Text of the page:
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Electronics

Elex Pipe takes circuit building off the board

Though we use all manner of electronic gadgetry every day, few of us know what makes them tick. Learning about electronics and programming can be tough though and, let's face it, a little dry. A number of startups have made efforts to spice the learning process up recently – making use of robots, modules and micro labs to make experimentation fun and accessible. The latest to join the crowd is Mad Tatu with a circuit building system that rises up from the table top for 3D projects that look like a crazy plumber has turned his hand to teaching. Read More

Wearables

Wearable electrical circuit has the need for 5G speed

Today's fitness trackers cram an impressive amount of functionality into some small packages, but if current wearables research is any indication they could come to look pretty clunky pretty quickly. The scientists behind the latest flexible electronics that can be worn on the skin like a tattoo claim to have developed the world's fastest stretchable circuit, providing what they see as a platform for the forthcoming era of blazing-fast 5G communications. Read More

Electronics

Electronic material self-heals and functions even after being cut in half

If you've ever bent a piece of wire or plastic back and forth until it broke, you understand one of the problems inherent in flexible electronics. The more circuits and connectors flex, the higher the likelihood they'll break. While we've seen self-healing chips, gels and microcapsules before, a new material out of Pennsylvania State University (Penn State) brings auto-repair to dielectrics – the materials that insulate electric currents.Read More

Electronics

Nanotube circuits self-assembled and powered at a distance via "Teslaphoresis"

Using a powerful electric force emitted by a Tesla coil, scientists at Rice University have made carbon nanotubes self-assemble to form a circuit linking two LEDs and then used the energy from that same field to power them. According to the researchers, the manipulation of matter on this scale has never before been observed and they've dubbed this phenomenon of remotely moving and assembling the nanotubes "Teslaphoresis."Read More

Materials

Multiple bends won't crack this lightweight, paper-like, flexible ceramic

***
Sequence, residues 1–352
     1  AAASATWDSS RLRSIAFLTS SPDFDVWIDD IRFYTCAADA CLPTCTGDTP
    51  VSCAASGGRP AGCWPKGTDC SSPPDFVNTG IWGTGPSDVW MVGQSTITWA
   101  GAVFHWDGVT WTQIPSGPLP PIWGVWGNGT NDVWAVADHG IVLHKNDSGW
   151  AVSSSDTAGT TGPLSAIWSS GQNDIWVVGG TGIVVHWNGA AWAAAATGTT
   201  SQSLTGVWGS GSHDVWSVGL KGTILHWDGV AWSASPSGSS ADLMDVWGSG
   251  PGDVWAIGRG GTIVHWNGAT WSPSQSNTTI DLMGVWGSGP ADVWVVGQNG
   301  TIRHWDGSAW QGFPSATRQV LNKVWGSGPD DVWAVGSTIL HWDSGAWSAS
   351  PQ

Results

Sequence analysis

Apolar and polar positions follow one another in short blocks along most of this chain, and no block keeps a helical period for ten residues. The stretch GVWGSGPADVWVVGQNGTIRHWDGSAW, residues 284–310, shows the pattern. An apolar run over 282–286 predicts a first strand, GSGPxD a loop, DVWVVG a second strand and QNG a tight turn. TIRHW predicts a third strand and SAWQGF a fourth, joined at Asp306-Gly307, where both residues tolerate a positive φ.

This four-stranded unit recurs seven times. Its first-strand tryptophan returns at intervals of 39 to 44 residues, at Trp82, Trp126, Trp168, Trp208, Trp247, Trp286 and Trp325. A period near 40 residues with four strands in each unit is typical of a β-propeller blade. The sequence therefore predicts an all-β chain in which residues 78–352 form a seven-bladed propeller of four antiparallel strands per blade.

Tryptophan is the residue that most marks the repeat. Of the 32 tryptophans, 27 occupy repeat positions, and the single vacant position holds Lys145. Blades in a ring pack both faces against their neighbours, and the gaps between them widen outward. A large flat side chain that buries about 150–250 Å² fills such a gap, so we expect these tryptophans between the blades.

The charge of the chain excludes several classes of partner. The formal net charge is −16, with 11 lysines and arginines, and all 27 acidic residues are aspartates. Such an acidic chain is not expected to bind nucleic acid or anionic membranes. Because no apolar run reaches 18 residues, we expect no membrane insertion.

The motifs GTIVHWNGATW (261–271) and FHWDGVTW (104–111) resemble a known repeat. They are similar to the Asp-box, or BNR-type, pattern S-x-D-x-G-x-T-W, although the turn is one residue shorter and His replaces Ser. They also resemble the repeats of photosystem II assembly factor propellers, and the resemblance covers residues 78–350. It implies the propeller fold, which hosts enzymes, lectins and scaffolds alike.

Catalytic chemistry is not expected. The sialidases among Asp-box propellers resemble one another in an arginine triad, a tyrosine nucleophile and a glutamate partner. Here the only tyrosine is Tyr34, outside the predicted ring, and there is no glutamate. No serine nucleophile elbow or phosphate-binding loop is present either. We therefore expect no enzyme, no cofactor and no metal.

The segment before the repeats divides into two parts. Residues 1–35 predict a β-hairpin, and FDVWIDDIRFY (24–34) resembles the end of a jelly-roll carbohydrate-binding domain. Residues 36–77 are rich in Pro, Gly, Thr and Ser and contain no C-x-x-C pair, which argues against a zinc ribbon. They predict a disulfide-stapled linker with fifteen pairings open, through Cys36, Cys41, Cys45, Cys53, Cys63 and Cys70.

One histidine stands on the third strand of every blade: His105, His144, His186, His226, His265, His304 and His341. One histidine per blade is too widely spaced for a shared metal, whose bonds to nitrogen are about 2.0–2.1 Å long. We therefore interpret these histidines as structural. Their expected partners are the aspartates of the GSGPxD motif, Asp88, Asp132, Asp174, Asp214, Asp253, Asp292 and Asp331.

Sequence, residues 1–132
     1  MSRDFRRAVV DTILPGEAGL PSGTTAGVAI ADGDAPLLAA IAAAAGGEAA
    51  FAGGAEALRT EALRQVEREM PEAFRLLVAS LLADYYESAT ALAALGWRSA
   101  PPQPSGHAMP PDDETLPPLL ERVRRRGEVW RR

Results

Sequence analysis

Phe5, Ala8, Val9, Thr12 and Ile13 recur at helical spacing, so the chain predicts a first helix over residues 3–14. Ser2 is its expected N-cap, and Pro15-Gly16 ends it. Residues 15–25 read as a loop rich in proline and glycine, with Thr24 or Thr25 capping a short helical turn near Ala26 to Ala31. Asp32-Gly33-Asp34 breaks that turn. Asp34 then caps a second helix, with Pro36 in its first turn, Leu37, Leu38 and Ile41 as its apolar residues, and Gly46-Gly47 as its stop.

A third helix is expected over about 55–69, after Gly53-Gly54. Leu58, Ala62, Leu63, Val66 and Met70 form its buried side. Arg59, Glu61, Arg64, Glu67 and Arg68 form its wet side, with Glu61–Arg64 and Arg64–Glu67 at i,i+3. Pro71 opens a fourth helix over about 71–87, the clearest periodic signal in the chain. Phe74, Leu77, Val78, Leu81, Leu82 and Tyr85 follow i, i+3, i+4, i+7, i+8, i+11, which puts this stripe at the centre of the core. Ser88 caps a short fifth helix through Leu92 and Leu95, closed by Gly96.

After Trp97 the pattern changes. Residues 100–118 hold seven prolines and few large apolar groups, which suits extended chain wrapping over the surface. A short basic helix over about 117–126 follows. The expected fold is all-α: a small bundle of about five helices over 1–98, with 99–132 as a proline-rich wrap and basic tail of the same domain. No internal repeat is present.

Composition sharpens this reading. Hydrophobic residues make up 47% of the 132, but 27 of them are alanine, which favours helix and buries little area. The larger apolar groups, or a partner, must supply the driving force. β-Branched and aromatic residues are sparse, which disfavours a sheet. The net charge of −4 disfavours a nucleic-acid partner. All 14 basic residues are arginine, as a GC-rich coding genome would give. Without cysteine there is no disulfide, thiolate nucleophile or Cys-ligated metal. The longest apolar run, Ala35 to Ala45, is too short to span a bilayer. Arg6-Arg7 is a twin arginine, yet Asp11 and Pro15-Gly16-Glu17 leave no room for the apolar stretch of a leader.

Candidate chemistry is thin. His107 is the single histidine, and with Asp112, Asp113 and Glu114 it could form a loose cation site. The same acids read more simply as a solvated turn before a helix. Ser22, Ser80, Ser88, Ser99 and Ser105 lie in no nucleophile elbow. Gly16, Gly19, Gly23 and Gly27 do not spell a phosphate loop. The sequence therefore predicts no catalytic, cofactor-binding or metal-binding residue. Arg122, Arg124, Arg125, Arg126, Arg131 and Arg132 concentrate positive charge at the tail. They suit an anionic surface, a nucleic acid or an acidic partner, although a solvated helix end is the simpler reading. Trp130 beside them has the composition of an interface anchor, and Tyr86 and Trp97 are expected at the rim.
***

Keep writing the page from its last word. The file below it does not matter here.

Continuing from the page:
Materials to make hard-wearing, bendable non-conducting substrates for wearables and other flexible electronics are essential for the next generation of integrated devices. In this vein, researchers at the University of Twente have reformulated ceramic materials so that they have the flexibility of paper and the lightness of a polymer, but still retain exceptional high-temperature resistance. The new material has been dubbed flexiramics.Read More

Electronics

Self-healing gel to repair and connect electronic circuits

Researchers at The University of Texas at Austin may have found a solution to one of the key problems holding back flexible, bendable electronics and soft robotics from mass production. Electronic circuits tend to crack and break when repeatedly subjected to bending or flexing, but a new self-healing gel may automatically repair these flaws as they develop.Read More

Electronics

Scientists create electronic circuits in living roses

In what seems like the most unlikely of unions, a team of scientists at the Linköping University Laboratory for Organic Electronics are working to combine flowers, bushes, and trees with electronics to produce a breed of botanical cyborgs. Led by Professor Magnus Berggren, the researchers have used semiconductive polymers to create the key components of analog and digital electronic circuits inside a rose plant.Read More

Electronics

"Designless" brain-like chips created through artificial evolution

Scientists at the University of Twente in the Netherlands have devised a new type of electronic chip that takes after the human brain. Their device is highly power-conscious, massively parallel, and can manipulate data in arbitrary ways even though it doesn't need to be explicitely designed to perform any task. The advance could pave the way for computers that think more like we do.

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Electronics

World's first light-activated, molecule-sized switch gets turned on

In the pursuit of ever-shrinking circuitry for nanotechnology electronics, increasingly smaller devices and components are being developed. Now researchers at the University of Konstanz and the Helmholtz-Zentrum Dresden-Rossendorf (HZDR) claim to have micro-miniaturized the humble electrical switch all the way down to molecule size and proven its operation for the very first time. Unable to flick such a tiny switch mechanically, however, the researchers instead used light to turn it on. Read More

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